Panamá Canal

Gatun Locks, Panamá Canal

It is always exciting to sail through the Panamá Canal.  As you can see from the photo above, we entered the Gatun Locks very early in the morning.  As you may know, there are three sets of locks in the canal.  When a ship enters the canal, the first three locks raise the ship 75 feet above sea level.  At the other end of the canal there are three locks that return ships to sea level.  The Gatun Locks are all together on the Caribbean end of the canal.  Toward the Pacific side there is a single lock at San Miguel, and at Miraflores, nearest to the Pacific Ocean, there is a double set of locks.

While we were in Gatun Lake, where ships wait for their turn to pass through the remainder of the canal, the captain took us on a little side trip so we could see the northern end of the new canal construction that is designed for the mega ships that are being built these days.

New Construction, Gatun Area

As you can see from the above photo, contraction is progressing nicely, but the new portions of the canal will not be completed in 2014 as planned.  Originally the plan was to open the new part as part of the celebration of the 100th anniversary of the canal’s opening.  Multiple delays regarding disagreements about  concrete quality, cost overruns, and a 2-week labor strike over wages have pushed the completion date back to December of 2015, with a strong likelihood that it will be pushed back even further.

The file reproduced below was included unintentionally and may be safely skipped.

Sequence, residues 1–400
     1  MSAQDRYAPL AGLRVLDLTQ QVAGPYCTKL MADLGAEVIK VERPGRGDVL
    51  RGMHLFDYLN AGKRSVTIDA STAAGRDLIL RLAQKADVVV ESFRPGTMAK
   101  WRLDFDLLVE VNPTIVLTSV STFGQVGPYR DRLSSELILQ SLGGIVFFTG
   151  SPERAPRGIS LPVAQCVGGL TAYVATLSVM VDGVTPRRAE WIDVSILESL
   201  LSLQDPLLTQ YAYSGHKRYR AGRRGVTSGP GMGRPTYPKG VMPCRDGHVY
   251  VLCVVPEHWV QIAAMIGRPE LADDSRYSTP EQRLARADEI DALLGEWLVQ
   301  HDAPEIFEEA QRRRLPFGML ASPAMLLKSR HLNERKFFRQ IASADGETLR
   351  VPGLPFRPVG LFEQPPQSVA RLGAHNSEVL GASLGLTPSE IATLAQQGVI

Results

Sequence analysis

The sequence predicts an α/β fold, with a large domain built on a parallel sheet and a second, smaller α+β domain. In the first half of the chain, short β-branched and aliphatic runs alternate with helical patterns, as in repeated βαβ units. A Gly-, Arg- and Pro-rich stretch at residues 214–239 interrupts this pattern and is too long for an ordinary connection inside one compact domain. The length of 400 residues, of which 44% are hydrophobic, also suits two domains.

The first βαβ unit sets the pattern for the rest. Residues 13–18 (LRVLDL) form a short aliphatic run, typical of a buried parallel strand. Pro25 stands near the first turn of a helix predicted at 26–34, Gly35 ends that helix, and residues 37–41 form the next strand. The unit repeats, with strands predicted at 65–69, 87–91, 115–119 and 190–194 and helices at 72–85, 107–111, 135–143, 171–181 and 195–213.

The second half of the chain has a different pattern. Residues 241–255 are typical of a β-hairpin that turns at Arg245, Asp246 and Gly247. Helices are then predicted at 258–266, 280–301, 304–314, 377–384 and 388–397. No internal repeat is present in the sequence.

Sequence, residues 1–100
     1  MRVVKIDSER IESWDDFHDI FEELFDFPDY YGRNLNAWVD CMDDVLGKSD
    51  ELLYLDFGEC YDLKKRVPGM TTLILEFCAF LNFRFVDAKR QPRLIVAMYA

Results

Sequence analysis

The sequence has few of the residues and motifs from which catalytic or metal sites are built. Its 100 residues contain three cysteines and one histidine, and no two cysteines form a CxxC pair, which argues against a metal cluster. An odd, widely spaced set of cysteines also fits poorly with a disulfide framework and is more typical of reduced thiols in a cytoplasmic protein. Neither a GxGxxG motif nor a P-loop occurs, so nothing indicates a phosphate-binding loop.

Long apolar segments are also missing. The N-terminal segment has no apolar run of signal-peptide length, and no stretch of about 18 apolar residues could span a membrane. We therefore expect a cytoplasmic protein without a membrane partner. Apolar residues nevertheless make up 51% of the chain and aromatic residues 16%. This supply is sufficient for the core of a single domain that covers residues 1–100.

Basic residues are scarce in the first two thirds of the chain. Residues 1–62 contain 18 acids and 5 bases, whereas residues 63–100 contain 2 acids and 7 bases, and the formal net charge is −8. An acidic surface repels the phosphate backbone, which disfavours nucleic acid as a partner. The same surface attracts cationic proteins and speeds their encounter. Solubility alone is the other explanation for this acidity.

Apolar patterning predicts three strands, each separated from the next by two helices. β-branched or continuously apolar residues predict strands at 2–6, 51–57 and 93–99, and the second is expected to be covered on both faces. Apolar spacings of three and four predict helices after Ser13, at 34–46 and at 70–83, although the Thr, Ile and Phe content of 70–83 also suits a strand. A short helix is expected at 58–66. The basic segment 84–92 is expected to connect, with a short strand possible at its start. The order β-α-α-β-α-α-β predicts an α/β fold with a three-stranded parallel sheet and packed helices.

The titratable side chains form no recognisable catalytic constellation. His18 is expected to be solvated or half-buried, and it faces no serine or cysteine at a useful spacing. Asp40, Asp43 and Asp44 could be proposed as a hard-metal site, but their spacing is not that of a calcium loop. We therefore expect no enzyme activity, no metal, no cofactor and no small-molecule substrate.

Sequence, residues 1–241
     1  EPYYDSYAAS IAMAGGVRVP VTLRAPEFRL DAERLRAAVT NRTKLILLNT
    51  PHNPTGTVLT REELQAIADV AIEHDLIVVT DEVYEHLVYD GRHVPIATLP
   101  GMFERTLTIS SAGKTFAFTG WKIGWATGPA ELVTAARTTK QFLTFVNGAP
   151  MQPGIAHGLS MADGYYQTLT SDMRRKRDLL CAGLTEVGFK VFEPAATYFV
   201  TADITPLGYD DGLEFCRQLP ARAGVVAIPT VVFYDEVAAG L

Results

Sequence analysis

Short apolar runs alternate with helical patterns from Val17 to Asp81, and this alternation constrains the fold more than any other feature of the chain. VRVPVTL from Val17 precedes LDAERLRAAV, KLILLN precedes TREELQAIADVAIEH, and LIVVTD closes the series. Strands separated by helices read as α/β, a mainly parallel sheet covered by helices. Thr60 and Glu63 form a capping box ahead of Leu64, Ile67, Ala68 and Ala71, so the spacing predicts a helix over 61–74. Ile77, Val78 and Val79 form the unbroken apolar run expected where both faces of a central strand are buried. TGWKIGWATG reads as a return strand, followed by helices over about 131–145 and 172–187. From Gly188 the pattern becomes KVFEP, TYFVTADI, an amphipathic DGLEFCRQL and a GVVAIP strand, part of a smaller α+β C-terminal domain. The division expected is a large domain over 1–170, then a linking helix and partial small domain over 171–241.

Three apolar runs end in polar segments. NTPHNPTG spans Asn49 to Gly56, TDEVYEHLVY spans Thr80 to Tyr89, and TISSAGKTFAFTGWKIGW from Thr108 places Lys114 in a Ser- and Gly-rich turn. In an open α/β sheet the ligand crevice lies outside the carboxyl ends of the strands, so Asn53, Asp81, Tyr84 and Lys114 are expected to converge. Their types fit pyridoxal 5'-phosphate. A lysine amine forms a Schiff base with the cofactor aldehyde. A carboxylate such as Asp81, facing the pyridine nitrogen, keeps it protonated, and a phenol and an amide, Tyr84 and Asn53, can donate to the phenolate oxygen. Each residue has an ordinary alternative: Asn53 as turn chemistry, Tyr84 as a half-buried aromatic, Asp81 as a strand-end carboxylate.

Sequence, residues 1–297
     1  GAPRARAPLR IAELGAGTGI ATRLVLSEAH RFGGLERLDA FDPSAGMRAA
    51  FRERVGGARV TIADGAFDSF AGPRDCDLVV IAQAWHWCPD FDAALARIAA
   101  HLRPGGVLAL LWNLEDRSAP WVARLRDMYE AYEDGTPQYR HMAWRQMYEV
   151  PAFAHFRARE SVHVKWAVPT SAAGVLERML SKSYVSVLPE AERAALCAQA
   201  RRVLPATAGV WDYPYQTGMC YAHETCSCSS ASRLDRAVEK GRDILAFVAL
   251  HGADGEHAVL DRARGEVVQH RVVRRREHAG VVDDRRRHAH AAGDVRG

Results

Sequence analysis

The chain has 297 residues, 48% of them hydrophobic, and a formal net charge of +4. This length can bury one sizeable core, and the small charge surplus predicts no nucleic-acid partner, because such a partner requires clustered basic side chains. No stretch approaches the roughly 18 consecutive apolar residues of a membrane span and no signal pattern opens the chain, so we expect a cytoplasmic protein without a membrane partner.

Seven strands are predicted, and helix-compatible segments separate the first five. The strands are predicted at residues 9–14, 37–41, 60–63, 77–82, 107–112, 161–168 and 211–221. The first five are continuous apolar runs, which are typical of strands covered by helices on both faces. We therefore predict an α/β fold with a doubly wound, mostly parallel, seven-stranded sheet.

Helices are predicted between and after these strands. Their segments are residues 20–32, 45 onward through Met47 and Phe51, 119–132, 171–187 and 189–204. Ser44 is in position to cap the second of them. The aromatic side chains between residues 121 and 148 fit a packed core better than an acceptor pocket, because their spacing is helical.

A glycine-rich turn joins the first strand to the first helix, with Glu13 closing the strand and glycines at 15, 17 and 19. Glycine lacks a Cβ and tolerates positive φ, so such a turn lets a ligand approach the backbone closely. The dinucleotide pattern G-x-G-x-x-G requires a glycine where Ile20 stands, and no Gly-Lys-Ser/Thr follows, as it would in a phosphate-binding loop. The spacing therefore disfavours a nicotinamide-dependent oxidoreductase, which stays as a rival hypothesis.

The new portion of the canal will work differently from the original one.  For one thing, the way the locks operate they will lose only 10 million gallons of water at the end locks rather than the current 50 million gallons per ship passing through.  The other difference is that the mules, the locomotives that apply tension to lines between them and the ships, to keep the ships centered in the canal, will be replaced by tug boats.  At the time of our passage through the canal the Canal Authority had recently purchased 10 tug boats at a cost of $40 million.  We’re not quite sure how the tug boats will work out, since in the currently locks ships have only one to two feet on each side, but we are certain that the Canal Authority has it figured out.

Even though this was our third trip through the Panamá Canal, it was as awe-inspiring this time as it has been the previous times.  It is hard not to think about all the work that went into building the original canal and all the lives that were lost in the process.  We would again recommend to anyone who is planning a trip through the Panamá Canal to read David McCullough’s book, The Path Between The Seas.  It will make a difference in your experience of the canal.

Miraflores Locks

New Locks at Miraflores



© Susan L. Stone 2015                   rovingstones@me.com